About Epsimon Ltd
Epsimon Ltd was founded in 2016 by researchers from the Centre for Smart Infrastructure and Construction (CSIC) at the University of Cambridge to provide specialist consultancy services related to instrumentation and monitoring applications for civil infrastructure. Epsimon is an industry partner of CSIC with which it closely collaborates to constantly develop and apply cutting edge sensing technology for civil infrastructure monitoring.
Cedric Kechavarzi is a soil physicist and instrumentation specialist. He has a wealth of practical experience with fibre optic sensing systems and has led the deployment of such systems on a wide range of infrastructure and construction projects. He has contributed significantly to the uptake of fibre optic sensing in the civil engineering industry through the development of specifications, performance standards and methodologies to ensure consistency in operational functionality and system longevity. His continued interest in fibre optic sensors is to further increase their performance while working with Epsimon’s partners to drive down the cost of ownership and make fibre the de-facto choice for infrastructure sensing. He is lead author of the book: Distributed fibre optic strain sensing for monitoring civil infrastructure - A Practical Guide, published by ICE publishing.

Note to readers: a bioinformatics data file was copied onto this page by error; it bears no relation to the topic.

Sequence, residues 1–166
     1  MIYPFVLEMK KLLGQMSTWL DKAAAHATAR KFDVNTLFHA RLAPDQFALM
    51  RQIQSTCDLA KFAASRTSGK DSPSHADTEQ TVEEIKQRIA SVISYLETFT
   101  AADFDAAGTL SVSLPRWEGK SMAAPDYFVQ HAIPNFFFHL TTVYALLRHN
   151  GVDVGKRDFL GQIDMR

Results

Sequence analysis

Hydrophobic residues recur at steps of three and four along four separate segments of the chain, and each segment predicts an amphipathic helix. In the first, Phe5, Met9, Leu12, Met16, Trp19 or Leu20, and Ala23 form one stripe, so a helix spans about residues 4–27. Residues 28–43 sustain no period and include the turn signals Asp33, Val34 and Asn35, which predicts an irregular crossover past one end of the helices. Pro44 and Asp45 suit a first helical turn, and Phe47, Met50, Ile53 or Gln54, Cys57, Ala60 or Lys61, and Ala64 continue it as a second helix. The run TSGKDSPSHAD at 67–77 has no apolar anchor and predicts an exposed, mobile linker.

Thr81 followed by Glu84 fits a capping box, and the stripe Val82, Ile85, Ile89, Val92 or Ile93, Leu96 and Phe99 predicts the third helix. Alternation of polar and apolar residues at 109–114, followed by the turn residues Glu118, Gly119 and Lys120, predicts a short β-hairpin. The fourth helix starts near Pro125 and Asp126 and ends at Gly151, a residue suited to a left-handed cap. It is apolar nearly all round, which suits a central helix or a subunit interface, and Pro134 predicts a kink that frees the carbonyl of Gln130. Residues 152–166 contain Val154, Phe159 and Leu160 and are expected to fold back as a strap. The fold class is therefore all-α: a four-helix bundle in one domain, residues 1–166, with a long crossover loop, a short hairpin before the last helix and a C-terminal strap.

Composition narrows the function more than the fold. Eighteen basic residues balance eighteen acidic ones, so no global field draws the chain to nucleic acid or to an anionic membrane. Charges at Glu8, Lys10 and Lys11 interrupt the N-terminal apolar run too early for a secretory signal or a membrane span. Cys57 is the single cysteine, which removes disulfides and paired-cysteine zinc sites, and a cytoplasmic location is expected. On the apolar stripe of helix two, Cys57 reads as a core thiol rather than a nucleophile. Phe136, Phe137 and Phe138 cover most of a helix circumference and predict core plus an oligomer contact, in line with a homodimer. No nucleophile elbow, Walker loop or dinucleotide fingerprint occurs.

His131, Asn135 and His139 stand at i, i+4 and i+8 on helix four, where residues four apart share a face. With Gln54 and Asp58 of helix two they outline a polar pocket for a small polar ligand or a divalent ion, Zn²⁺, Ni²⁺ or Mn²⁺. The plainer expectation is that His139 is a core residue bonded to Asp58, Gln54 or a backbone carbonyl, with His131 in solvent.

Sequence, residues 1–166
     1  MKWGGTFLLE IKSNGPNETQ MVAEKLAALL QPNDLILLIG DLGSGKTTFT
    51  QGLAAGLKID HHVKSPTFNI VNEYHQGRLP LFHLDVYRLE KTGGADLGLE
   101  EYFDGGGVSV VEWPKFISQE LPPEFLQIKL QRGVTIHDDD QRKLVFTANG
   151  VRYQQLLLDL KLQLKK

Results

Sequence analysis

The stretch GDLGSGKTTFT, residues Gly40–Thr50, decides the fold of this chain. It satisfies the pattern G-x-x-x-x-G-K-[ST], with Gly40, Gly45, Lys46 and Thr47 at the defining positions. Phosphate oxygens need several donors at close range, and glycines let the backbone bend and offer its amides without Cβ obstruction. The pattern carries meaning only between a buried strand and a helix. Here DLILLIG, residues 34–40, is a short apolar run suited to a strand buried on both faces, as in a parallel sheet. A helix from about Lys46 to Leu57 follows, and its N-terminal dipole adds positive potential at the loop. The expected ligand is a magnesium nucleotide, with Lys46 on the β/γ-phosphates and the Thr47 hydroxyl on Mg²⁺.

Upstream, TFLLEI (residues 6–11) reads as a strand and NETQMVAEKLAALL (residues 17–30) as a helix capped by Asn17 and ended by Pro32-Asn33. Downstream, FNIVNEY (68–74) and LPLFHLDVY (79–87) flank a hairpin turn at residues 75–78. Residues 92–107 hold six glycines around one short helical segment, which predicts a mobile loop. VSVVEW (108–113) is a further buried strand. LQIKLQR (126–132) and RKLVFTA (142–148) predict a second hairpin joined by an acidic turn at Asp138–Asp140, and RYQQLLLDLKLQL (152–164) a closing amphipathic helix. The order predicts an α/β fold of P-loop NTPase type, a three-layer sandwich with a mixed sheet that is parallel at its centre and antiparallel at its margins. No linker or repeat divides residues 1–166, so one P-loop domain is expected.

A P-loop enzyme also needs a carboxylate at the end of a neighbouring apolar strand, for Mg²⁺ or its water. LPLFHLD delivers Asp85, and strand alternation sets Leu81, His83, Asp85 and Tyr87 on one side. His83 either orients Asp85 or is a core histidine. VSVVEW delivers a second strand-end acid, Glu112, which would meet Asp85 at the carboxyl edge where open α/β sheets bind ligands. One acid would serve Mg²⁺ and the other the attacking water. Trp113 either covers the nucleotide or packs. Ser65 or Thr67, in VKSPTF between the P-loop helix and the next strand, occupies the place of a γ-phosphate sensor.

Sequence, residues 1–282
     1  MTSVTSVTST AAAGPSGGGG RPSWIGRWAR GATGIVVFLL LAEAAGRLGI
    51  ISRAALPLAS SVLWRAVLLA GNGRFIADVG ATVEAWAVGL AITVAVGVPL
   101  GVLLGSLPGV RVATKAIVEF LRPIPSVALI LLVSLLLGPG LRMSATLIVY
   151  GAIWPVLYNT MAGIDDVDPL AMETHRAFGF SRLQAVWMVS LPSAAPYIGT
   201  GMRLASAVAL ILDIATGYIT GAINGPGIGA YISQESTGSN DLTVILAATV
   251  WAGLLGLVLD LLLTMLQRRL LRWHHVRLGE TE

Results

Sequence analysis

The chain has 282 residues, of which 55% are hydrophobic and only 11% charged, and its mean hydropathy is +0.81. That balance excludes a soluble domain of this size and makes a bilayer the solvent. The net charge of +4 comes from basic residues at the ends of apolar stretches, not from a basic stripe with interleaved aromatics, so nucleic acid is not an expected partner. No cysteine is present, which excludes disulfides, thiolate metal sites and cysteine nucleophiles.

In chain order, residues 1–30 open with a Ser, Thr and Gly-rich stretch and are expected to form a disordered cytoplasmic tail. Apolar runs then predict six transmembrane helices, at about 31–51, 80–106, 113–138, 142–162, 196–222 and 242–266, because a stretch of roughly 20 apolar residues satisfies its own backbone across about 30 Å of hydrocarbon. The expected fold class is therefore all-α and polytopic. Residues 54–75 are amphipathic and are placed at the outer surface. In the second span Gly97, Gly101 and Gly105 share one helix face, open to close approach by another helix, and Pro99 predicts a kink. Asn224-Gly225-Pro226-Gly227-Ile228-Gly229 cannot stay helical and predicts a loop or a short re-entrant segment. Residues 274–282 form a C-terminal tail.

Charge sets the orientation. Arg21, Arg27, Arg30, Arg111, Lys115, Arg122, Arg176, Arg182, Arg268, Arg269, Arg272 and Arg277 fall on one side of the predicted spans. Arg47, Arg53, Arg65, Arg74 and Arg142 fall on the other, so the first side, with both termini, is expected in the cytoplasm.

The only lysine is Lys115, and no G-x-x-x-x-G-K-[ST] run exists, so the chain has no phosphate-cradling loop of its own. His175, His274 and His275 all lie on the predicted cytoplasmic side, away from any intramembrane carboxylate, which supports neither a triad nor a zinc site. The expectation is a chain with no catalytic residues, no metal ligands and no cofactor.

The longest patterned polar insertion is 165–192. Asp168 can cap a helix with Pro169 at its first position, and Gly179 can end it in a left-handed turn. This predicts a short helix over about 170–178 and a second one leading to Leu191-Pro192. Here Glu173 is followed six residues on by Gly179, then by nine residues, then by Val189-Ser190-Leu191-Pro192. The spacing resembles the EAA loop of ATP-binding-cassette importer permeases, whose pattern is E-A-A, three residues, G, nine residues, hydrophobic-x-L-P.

Cedric has an MSc in Soil and Water Engineering from Cranfield University and a PhD in Civil and Environmental Engineering from the University of Cambridge, funded under a Marie Curie Fellowship.
Nicholas (Nicky) de Battista
Nicky de Battista is a licenced architect and civil engineer with a number of years of experience in structural design and construction. In 2009, he specialised in structural health monitoring and since then has been involved in several infrastructure monitoring projects, both in his capacity as a researcher as well as a specialist consultant. Nicky has designed, installed and operated monitoring systems in a number of high profile projects, including test pile foundations for the Shell Centre in London, sprayed concrete tunnel lining at Crossrail's Liverpool Street Station, and an axial shortening monitoring system for the 50-storey Principal Tower in London.
Nicky has an MSc in structural engineering and a PhD in structural health monitoring from the University of Sheffield, UK. In 2014 he joined the Centre for Smart Infrastructure and Construction (CSIC) at the University of Cambridge, where he has been carrying out applied research in state of the art monitoring technologies, with particular emphasis on fibre optic sensing technology.